Wynn to Face Repeat Challenge from Edwards in Congressional Race
By Danielle Ulman
Capital News Service
Friday, Nov. 2, 2007
WASHINGTON - U.S. Rep. Albert Wynn vowed to change after he narrowly beat Donna Edwards in 2006, but the voters' opinion of the transformation won't be registered until the next primary election results are counted.
Wynn eked out a win over Edwards by 2,725 votes out of 82,165 cast in the last primary election. Voters will have the same choice on Feb. 12 in the 4th Congressional District, which spans parts of Prince George's and Montgomery counties.
The narrow victory surprised Wynn, who had not had a credible primary challenger since 1992, when nine candidates ran for office and he received 28 percent of votes.
Following his electoral scare, Wynn pledged to hold more town hall meetings and listen to constituents. And over the past year, the evidence shows he's done that: He has held several campaign-related events at local schools and supporters' homes, along with some town hall meetings.
Wynn has been campaigning in his district, as well as occasionally showing up in Rep. Chris Van Hollen's 8th District. In June, Wynn greeted commuters at the Bethesda Metro station, which does not fall under his jurisdiction, but is a major job center.
"We have a full campaign ongoing. We're very active in both Montgomery County and Prince George's," said Lori Sherwood, Wynn's campaign manager.
"We're very visible, and we're working hard to be sure we are participating in events and attending events that are important to the community," she said.
Last time, Edwards painted Wynn as an Iraq-war supporter and out of touch with constituents.
The first criticism doesn't carry the same weight in this campaign, especially since he has changed his position, but Edwards insists that her competitor is still not listening to his district's voters, where Democrats outnumber Republicans five to one.
"On some really key issues, Congressman Wynn's voting record has been so awful and has been so far afield of where the Democratic Party has been aligned, and (the people have) decided that Democrats who have voted like the congressman do not belong in Congress," she said.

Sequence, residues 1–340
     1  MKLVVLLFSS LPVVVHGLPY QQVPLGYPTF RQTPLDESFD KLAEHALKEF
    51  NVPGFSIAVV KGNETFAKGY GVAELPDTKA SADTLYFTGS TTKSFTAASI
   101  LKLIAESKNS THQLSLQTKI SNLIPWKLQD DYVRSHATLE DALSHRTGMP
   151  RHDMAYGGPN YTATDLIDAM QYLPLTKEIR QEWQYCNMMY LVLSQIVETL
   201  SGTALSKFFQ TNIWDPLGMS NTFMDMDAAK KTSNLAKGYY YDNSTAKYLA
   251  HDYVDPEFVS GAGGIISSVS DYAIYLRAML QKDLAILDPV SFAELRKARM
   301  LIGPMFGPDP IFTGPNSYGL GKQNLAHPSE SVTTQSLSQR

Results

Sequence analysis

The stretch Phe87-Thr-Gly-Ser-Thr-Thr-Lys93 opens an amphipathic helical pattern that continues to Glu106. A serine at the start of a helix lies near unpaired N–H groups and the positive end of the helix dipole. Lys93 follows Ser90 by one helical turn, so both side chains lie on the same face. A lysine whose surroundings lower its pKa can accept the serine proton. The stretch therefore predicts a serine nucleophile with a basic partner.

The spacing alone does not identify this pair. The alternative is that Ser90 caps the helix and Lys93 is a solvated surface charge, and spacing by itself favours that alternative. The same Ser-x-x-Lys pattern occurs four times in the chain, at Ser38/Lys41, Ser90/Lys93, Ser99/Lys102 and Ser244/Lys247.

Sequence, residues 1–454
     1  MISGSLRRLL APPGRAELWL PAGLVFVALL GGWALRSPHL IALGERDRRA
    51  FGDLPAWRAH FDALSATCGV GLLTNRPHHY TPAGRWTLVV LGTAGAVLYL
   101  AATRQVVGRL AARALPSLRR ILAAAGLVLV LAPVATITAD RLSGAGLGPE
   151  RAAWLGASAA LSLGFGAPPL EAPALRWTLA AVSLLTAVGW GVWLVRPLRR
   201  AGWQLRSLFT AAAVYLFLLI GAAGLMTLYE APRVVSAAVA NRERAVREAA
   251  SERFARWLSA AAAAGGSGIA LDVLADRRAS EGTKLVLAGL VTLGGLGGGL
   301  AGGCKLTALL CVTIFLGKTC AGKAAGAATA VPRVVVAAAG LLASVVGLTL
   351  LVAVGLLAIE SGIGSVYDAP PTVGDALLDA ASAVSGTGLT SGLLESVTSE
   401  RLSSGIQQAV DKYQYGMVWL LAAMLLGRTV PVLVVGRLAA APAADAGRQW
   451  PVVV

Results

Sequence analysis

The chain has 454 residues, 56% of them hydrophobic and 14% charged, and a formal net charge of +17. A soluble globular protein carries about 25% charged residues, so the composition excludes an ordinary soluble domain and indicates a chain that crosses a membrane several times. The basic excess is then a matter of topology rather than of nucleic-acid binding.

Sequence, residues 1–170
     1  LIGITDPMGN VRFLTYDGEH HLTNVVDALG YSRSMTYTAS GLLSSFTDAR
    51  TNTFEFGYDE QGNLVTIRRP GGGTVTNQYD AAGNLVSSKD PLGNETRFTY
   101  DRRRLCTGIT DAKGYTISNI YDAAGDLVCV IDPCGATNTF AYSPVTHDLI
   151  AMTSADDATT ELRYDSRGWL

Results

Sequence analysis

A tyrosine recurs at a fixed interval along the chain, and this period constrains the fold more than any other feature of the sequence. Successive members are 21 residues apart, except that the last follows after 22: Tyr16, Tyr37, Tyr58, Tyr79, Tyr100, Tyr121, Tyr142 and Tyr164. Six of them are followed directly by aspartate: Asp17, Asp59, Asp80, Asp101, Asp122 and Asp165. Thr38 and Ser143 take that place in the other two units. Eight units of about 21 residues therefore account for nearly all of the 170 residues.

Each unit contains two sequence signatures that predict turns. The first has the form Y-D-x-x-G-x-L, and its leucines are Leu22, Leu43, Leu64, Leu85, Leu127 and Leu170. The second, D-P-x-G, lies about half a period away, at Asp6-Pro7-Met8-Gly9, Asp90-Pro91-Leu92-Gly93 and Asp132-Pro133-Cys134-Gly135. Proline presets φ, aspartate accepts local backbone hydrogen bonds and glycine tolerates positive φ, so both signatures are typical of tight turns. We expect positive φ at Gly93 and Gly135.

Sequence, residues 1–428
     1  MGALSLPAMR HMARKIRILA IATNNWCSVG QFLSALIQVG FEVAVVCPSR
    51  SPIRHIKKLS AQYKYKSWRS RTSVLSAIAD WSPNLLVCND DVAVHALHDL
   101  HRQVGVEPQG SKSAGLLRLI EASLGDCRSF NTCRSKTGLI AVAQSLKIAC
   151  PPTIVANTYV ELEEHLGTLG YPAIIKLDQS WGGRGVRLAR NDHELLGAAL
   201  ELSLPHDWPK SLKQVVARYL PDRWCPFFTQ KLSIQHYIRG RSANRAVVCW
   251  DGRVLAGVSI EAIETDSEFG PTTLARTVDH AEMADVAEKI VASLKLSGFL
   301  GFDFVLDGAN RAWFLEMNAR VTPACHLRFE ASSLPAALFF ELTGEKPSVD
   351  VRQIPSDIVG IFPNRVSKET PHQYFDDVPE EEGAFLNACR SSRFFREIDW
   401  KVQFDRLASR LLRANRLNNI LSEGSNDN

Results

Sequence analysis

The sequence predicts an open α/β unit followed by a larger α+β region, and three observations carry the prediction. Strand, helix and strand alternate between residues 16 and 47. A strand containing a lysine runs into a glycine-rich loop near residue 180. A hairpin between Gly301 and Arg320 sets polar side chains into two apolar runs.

But Wynn's voting record shows he sided with the majority of his Democratic colleagues 98 percent of the time during this term of Congress.
Wynn was a former target of the CBC Monitor, a watchdog of the Congressional Black Caucus, but his voting shift prompted the group to give him an 80 percent approval rating this year, far better than his 30 percent rating in 2005.
Constituents soon will have a chance to hear the candidates talk the talk. Wynn, Edwards, George Mitchell and George McDermott, who also ran in 2006, will debate in Silver Spring on Nov. 8.
The Mid-Atlantic Hispanic Chamber of Commerce held a previous debate in September, but only Edwards and Mitchell, a first-time candidate, showed.
"It was unfortunate scheduling," Sherwood said. "The congressman could not attend because it was a workday, and he had to be on Capitol Hill. He's very eager to participate in the debates."
Mitchell, a Prince George's real estate agent, said the low turnout in the 2006 primary race leaves room for him to run. Of registered District 4 voters, 23 percent voted -- a typical number for a primary race.
"We need new representation," Mitchell said. "All it takes is someone who is aggressive enough to expose what we do not have."
The February primary falls just 18 months after the 2006 primary, because it is a presidential election year.
The condensed primary leaves less time for fundraising and stumping. Wynn has strong endorsements from local politicians and Speaker of the House Nancy Pelosi, and raised $592,602, according to the Federal Election Commission.
Edwards has raised $214,365 and has the support of self-styled progressive groups. Both candidates said they plan to raise about $1 million for the primary.
Nearly half of Wynn's money comes from political action committees, while Edwards has received donations nationwide from political activists like billionaire Pat Stryker, singer/actress Barbra Streisand and author Stephen King's wife, Tabitha, also an author.
A shortened primary can often help an incumbent and hurt other candidates, but Frances Lee, a professor of government and politics at the University of Maryland, said Edwards will not feel an impact.
"Donna Edwards is already pretty well known as a result of a better-than-expected campaign against Al Wynn last time," she said. "I think that voters are familiar with her, so I don't think that it would hurt her."